Despair is exhibited on the album’s final song “A.P.I.D.T.A.,” which was recorded the night Kobe Bryant, his 13-year-old daughter Gianna and seven others died in a helicopter crash on Jan. 26. Jay-Z mourns, “I got numbers in my phone that’ll never ring again/’Cause Allah done called ’em home, so until we sing again I got texts on my phone that’ll never ping again/I screenshot ’em so I got ’em, I don’t want this thing to end.”
And Jay Electronica delivers a heartbreaking tribute to his mother: “The day my mama died, I scrolled her texts all day long/The physical returns but the connection still stay strong/Now I understand why you used to cry sometimes we ride down Claybourne/You just missed your mama/Now I just miss my mamas.”
In 2010, New York Times music critic Jon Caramanica was rushing to crown Jay Electronica the new God MC. But the hype turned into music’s long-awaited debut album, a project so late that it landed the formidable lyricist somewhere between Guns N’ Roses decade-in-the-making Chinese Democracy (2008) and Dr. Dre’s near 20-year wait Compton (2015). The New Orleans native seemingly appeared out of nowhere with his startling 2007 mixtape, Act I: Eternal Sunshine (The Pledge). Less than two years later, he returned with the classic song “Exhibit C,” which was produced by seven-time Grammy-nominated producer Just Blaze. Jay Electronica was cast as the nostalgic avatar of the stripped-down return to ’90s boom bap.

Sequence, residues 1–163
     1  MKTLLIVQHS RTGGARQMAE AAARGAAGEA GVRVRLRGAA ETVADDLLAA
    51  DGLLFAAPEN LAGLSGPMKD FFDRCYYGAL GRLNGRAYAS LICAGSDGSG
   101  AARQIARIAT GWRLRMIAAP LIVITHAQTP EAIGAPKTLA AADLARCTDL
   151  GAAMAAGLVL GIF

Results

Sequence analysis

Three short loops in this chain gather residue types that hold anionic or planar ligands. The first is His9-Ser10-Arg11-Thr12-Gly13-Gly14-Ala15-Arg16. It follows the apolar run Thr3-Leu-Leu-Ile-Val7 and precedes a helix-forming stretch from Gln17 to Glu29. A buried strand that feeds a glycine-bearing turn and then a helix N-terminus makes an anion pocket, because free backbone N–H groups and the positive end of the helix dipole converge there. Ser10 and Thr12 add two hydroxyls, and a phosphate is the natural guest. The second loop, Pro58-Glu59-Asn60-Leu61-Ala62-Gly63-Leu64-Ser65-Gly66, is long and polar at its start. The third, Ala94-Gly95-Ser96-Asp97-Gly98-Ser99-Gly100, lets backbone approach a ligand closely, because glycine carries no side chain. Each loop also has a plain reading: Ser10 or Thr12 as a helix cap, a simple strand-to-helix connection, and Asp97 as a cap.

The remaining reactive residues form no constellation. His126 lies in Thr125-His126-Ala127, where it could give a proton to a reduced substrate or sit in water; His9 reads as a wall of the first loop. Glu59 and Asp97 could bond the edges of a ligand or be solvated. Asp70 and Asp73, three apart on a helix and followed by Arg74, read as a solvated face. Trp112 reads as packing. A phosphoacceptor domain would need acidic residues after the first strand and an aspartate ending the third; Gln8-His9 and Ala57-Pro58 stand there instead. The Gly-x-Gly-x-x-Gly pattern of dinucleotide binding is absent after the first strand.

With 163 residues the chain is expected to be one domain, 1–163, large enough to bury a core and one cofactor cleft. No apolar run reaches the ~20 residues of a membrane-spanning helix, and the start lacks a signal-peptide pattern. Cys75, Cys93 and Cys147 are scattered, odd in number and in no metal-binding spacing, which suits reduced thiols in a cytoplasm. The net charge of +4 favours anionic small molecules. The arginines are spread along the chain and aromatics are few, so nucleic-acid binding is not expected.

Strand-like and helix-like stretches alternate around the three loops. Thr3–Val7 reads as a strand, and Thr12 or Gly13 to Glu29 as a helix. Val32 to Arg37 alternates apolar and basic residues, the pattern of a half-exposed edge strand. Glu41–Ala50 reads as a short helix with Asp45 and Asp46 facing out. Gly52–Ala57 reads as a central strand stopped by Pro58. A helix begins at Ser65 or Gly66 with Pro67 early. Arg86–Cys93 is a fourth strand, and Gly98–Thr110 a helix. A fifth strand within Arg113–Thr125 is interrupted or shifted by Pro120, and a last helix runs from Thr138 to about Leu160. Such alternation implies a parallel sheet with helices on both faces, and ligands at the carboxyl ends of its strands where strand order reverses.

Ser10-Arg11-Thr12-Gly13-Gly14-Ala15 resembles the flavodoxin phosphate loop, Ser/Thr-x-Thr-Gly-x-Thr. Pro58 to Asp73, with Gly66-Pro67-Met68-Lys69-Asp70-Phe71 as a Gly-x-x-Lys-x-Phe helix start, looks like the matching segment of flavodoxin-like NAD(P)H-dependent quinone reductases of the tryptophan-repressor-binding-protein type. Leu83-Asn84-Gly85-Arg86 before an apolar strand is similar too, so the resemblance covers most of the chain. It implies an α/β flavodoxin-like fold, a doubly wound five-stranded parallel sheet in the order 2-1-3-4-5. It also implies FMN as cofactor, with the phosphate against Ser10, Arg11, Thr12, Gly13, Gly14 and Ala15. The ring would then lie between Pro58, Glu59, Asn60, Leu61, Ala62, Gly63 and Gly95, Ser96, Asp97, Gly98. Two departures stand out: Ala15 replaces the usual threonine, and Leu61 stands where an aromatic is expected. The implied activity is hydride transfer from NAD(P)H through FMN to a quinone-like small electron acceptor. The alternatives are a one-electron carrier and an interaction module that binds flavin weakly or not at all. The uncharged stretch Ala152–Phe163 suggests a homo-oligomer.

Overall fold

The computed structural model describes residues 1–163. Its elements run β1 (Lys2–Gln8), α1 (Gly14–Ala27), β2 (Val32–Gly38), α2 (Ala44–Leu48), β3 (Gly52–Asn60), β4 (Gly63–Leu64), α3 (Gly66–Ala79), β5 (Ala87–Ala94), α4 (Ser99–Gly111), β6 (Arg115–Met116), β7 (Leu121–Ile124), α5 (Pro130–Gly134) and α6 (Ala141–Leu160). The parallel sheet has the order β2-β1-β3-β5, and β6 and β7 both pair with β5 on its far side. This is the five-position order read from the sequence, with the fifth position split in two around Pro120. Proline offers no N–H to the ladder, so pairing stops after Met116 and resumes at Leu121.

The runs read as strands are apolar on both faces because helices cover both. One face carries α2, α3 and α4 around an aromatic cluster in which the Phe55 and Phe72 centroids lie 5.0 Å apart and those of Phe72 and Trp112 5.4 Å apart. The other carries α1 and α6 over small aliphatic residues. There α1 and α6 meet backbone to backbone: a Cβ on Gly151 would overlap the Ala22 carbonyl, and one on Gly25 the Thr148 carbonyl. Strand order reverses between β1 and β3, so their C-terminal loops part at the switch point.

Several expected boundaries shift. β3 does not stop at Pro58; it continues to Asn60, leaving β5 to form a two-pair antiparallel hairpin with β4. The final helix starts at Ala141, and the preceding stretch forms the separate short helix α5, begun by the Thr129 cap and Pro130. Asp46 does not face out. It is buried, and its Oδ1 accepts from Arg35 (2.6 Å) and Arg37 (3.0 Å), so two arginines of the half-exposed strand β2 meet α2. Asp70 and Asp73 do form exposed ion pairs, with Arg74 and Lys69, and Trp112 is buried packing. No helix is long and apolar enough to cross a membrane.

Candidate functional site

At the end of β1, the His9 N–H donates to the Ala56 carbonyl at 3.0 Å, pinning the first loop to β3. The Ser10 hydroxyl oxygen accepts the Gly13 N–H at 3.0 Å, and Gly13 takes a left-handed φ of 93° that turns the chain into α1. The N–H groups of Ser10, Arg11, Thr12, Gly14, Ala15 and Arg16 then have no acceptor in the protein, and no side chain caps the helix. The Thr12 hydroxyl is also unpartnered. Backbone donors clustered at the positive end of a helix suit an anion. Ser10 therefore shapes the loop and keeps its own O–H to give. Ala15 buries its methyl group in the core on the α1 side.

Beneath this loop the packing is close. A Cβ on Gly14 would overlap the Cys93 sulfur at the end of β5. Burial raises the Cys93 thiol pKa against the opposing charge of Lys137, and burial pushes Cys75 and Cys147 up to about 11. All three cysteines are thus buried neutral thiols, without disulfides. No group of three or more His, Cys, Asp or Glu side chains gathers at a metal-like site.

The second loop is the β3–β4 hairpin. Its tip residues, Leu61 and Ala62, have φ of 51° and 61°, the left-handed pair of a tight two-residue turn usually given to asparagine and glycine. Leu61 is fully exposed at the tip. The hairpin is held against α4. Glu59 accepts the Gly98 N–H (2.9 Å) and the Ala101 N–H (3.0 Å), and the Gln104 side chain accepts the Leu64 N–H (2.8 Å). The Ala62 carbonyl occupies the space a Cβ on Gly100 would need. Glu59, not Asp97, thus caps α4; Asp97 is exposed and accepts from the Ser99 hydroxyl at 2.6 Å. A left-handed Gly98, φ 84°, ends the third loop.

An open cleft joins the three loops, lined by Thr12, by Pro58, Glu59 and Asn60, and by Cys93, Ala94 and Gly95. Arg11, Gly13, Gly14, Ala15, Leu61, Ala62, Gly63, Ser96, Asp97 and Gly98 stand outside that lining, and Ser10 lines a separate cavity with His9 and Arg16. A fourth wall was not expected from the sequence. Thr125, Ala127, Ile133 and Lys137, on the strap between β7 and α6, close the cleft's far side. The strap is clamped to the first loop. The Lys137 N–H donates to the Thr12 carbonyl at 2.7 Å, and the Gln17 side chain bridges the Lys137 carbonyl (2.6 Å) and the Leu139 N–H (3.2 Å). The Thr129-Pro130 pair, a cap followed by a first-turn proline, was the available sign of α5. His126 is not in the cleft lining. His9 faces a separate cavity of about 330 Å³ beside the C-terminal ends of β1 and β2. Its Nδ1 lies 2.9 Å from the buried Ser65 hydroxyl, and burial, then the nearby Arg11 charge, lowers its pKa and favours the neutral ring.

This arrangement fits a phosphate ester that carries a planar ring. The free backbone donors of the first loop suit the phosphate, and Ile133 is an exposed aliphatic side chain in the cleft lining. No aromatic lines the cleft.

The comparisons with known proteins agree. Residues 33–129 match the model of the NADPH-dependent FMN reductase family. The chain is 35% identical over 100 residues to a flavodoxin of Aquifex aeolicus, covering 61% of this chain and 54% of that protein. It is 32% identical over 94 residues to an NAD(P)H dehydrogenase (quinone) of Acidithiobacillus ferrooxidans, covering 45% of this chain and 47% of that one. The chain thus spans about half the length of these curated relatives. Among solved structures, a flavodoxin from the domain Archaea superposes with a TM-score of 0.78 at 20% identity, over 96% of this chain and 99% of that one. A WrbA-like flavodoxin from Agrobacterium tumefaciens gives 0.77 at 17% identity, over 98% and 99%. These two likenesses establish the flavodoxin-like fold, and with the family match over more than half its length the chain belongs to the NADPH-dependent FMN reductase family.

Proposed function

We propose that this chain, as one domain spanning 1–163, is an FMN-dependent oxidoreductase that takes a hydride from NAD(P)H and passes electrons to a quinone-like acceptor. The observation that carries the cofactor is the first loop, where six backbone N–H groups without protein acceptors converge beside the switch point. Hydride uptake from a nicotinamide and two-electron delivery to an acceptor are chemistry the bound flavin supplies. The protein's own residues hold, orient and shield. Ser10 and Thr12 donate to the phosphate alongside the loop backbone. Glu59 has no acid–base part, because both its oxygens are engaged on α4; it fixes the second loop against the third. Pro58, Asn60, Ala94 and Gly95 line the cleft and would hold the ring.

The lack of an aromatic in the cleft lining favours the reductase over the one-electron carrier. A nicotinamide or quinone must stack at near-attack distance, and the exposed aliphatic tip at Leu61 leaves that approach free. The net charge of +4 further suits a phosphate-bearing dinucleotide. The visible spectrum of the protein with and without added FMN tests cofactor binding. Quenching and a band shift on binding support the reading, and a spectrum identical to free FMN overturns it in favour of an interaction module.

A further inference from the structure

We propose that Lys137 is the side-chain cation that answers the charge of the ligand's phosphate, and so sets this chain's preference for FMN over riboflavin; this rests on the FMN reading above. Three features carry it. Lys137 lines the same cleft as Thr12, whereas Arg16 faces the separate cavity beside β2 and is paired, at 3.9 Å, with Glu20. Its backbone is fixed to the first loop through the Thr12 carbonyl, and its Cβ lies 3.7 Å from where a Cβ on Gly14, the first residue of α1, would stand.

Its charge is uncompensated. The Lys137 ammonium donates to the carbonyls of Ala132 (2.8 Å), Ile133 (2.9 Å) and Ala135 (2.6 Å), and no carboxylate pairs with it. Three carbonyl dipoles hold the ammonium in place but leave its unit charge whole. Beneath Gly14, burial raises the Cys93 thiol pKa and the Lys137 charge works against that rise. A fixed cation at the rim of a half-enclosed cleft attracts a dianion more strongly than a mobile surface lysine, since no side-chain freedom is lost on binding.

“I’m bringing ancient mathematics back to the modern man,” he rapped on “Exhibit C” in 2009. “My mama told me, ‘Never throw a stone and hide your hand’/I got a lot of family, you got a lot of fans.”
Jay Electronica proves with his new album, A Written Testimony, that he is capable of living up to the public’s hip-hop coronation. And Jay-Z is showing the naysayers that he could still be as nasty, indignant and dangerous on the mic as his Reasonable Doubt days even while hobnobbing with the 1%.
Hip-hop loves a comeback.